It almost feels unfair to review Cluck-N-Burger's new brick-and-mortar location at this early moment. After opening quietly in September, the food truck-turned-restaurant has been steadily working out the kinks in operations while word of mouth has slowly spread in nearby neighborhoods.
But maybe an earlyish visit is warranted, especially since the space at 5111 Airport Boulevard has proven challenging for some restaurants, despite the corridor's slow-growing restaurant row. From chicken to chicken we go – the space housed no one's favorite, Kentucky Fried Chicken, until the late but still beloved House Pizzeria completely renovated the fast-food joint and opened in 2009, specializing in Neapolitan-style pies, a solid beer list and neighborhood vibe, and those wood-fired olives. In May 2018, Barfly's owners opened what could've been the natural next iteration with Turntable Eatery, a pizza spot with a jukebox, if it weren't for that pesky Home Slice on North Loop showing everyone who's boss. Turntable could never quite compete and shuttered in late July 2019, making Cluck-N-Burger's early fall opening all the more impressive.
Chef/owner Aaron Esserman is no stranger to the food truck business, serving as chef for the now-defunct nonprofit gourmet grilled cheese truck Melted in 2016. He and his wife then opened the Cluck-N-Burger food truck in early 2018 and won $10,000 at the Trucklandia food truck fest later that year. Esserman is also no stranger to the restaurant business, having run kitchens in Florida and Colorado before coming to Austin. As such, he may just have the perfect confluence of skills and experience to translate Cluck-N-Burger the Food Truck into Cluck-N-Burger the Restaurant.
The offerings here are interesting and creative and reflect a bold approach to casual American food. Among the snacks and sides we tried, the Weird Guac stood out: a very lime-forward guacamole stuffed with corn kernels and brunoise apples, topped with a generous portion of pickled red onions, and served with a giant bowl of house-made potato chips. The chicken corn dog was also a favorite – a whopper of a side dish of State Fair proportions, it made for an excellent main for our tween daughter. The sausage was enveloped in a thick, nostalgic cornmeal batter that evoked Granny's cornbread, but on a stick. (I recommend cutting the corn dog off the skewers, which have pointy ends that can result in a nasty, painful surprise.)
Among the bombshells on the menu was the Broken Wedge salad. Esserman clearly has access to some magic that makes iceberg lettuce palatable. This is probably half of a large head of iceberg, topped with super powerful Shropshire bleu cheese, marinated tomatoes, and a soft-boiled egg, along with an overly generous mound of pickled red onion (I held the chicken-skin chicharron). People like to hate on the wedge salad, but this is an exemplar of a wedge done right.
Moving on to the "Cluck" portion of the menu, the wings had all the elements you want in Buffalo wings in that they were plump and juicy and the skin was crispy, but the sauce was underwhelming – so much so that my husband thought it had been left off.
Burgers are well-represented here, with a variety of beef and chicken combinations available. My husband chose the 7 AM, a bacon and egg cheeseburger on a brioche bun. The 5-ounce patty ended up being just the right size, completing a balanced interplay of egg, bacon, cheese, and beef. I opted for the Woody, a vegetarian patty composed of sweet potatoes, beets, and brown rice. The exterior was crisp and the flavor was fine, if a little bland, but the interior was mushy. It's difficult to find the right textural balance with a veggie burger, and this one didn't quite get there. I did love the excellent, buttery-crisp, griddled Slow Dough brioche, though, and the mounds of arugula and tomato served with it were bright and fresh.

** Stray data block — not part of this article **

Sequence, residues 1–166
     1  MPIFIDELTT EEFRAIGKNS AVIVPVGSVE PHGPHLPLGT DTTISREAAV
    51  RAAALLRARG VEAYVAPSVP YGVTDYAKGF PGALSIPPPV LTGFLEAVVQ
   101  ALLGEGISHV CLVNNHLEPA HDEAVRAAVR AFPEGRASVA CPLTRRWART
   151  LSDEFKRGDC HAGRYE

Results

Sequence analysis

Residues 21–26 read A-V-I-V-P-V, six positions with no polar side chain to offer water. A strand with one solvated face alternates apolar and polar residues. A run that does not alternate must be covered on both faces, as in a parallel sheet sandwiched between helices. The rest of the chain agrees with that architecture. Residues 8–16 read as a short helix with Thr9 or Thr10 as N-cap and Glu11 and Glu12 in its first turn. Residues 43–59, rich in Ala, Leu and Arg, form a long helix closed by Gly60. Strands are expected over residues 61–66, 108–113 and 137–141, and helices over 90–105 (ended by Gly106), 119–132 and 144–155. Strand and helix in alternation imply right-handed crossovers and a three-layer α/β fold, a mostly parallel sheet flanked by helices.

Indeed, there's a relative dearth of vegetarian options at Cluck-N-Burger (vegans are pretty much out of luck, unless you're cool with guacamole as a main with a pickle plate on the side). That's probably to be expected at a restaurant that evokes animal products in its name, but there are lots of meat-centric restaurants in this town that are inclusive of this relatively mainstream dietary preference (in Austin, anyway) without relegating diners to one veggie burger or a couple of sides or a heavily modified salad. Maybe it's a quibble, maybe not, but if I'm making the call on where to have dinner when we go out, I'm always going to choose the place that has a wide variety of vegetarian/vegan options available.
The dessert selection here is rather small, and is the least impressive portion of the menu. We tried the gargantuan Not a Little Debbie cupcake, which, had it been served at room temperature, probably would have been a gut-bustingly perfect end to a satisfying meal. Instead, we made a few effortful attempts to cut through the frozen ganache and cold cake, then gave up. Similarly, the cookies-and-cream milkshake was runny and was made with chocolate chip cookie dough instead of the standard Oreo-style cookie associated with "cookies and cream."
Service, while pleasant and friendly, hasn't quite jelled, and the space could be used more effectively and could feel a little cozier by adding more booths and creating a more intimate feel. (We did get a kick out of the inspirational messages over the toilets – "You've Got This!" and "She believed she could, and she did.")
Sometimes it's hard to take the food truck out of the restaurant. Cluck-N-Burger, as it transitions into a brick-and-mortar, has a food-truck-with-walls vibe. And there's nothing wrong with that; it's just a matter of adjusting your expectations accordingly.
Copyright © 2022 Austin Chronicle Corporation. All rights reserved.